To understand the life and thought of Thomas Merton, one must understand him as a monk. After introducing his vocation and entrance into the Trappist order, this book highlights some of his basic spiritual presuppositions. Relying primarily on Merton's writing, Bonnie B. Thurston surveys his thought on fundamental aspects of monastic formation and spirituality, particularly obedience, silence, solitude, and prayer. She also addresses some of the temptations and popular misunderstandings surrounding monastic life. Accessible and conversational in style, the book suggests how monastic spirituality is relevant, not only for all Christians, but also for serious spiritual seekers.
A volume of inspiring and thought-provoking poetry, this anthology contains writings inspired by monastic life. Filled with unique and holy individuals, such as Saint Marina--who, disguised as a monk, was accused of fathering a child--and Prioress Czeslaw Milosz--who, before entering the Benedictines, had been an actress--this collection will appeal to those wishing to deepen their spiritual life and insight.
Within the covers of Smaller Than God: words of spiritual longing, readers will find what we don't often come to expect from works of spiritual contemplation. These poems and prose pieces are rich in irony, full of mischief and celebratory works with a deep sense of play. Smaller Than God is anything but solemn. These works take us to sky church where heaven begins on the ground and we find the possibility of the spiritual atheist as friend to the devout believer. This book will include a previously unpublished posthumous poem by the famous Trappist monk, Thomas Merton. There is also new work by much-celebrated and well-established authors Margaret Avison and James Reaney, as well as work of younger upcoming and exciting new voices.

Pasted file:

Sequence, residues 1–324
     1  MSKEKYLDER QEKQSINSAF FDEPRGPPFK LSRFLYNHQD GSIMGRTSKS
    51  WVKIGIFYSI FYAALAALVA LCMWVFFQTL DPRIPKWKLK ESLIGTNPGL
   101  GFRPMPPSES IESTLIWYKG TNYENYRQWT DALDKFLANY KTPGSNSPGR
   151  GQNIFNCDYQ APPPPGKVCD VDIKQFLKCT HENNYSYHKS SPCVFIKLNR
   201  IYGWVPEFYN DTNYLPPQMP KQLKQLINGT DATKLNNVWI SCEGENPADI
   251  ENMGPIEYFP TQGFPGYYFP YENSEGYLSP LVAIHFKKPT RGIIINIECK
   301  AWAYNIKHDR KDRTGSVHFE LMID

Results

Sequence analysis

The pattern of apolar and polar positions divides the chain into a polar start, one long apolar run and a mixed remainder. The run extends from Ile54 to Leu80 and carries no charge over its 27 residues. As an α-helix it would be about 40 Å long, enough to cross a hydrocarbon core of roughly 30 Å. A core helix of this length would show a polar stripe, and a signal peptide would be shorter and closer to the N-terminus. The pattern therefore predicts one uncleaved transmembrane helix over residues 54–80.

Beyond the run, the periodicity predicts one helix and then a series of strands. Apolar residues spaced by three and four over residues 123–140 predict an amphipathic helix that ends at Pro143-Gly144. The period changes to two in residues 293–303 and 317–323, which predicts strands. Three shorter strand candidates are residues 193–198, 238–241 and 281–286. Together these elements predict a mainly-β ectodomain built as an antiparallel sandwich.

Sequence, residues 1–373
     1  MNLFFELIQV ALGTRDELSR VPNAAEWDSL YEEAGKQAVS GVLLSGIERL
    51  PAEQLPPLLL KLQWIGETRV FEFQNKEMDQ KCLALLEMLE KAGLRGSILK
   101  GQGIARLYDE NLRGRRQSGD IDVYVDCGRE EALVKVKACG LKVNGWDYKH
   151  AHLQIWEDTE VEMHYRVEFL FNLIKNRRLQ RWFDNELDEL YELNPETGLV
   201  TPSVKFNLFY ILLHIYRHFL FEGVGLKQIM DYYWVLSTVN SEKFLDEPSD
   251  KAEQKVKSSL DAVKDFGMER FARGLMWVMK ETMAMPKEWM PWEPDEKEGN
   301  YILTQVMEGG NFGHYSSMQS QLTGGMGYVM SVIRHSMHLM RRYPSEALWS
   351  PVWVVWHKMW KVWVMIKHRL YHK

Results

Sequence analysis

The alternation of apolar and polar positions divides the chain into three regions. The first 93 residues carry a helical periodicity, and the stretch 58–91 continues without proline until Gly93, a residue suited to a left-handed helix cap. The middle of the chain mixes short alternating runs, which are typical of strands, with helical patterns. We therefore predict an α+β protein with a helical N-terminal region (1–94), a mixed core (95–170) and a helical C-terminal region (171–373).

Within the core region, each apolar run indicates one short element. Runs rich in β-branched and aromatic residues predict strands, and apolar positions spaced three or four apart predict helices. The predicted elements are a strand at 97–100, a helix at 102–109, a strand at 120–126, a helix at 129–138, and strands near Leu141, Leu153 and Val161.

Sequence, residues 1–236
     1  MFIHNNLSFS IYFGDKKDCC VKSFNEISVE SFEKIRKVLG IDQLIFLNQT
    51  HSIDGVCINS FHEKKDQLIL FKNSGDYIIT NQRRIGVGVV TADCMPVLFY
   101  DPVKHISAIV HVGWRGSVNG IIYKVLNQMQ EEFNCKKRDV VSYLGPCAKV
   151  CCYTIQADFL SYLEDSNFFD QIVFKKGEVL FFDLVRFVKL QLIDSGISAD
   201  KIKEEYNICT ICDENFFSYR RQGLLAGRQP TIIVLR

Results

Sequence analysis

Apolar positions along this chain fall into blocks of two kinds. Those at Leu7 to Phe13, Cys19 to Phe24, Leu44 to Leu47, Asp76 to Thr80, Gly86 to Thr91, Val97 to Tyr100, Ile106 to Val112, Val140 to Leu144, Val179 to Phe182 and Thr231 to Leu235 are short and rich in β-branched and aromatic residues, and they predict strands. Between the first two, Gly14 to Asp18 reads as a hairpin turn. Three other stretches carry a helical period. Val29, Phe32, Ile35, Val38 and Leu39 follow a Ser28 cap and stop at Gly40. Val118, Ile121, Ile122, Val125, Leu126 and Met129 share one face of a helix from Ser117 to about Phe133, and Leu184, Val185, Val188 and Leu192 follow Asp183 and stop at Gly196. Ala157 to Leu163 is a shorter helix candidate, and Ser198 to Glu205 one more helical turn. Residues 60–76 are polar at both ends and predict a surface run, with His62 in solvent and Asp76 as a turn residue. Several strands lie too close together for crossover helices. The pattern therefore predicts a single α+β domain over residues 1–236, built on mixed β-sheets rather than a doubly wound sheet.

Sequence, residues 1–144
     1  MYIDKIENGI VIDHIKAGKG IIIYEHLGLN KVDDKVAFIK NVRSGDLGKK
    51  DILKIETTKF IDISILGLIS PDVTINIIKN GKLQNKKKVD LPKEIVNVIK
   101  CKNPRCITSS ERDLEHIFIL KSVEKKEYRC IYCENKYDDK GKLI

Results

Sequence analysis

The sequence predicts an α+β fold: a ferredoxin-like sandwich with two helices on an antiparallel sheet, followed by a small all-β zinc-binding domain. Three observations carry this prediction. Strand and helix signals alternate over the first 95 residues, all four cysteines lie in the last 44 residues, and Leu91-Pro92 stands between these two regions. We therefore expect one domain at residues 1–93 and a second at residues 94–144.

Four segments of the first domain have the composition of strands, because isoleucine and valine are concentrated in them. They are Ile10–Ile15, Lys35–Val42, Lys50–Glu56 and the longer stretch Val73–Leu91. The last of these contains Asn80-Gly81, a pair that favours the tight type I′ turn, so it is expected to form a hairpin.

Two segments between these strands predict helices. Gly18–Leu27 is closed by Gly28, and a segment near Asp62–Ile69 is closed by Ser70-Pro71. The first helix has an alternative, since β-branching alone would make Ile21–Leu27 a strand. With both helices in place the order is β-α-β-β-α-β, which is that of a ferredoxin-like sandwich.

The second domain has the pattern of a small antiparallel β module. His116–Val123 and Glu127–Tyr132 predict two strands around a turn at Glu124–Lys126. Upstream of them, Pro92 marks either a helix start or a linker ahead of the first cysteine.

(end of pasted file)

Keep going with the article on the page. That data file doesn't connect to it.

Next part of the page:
VHS video recording; 87 minutes. Dr. Wade Hall interviews five Trappist monks who lived with Thomas Merton at the Abbey of Gethsemani and share their memories of Merton. Recorded December 10, 1995 at Bellarmine College, Louisville, Kentucky.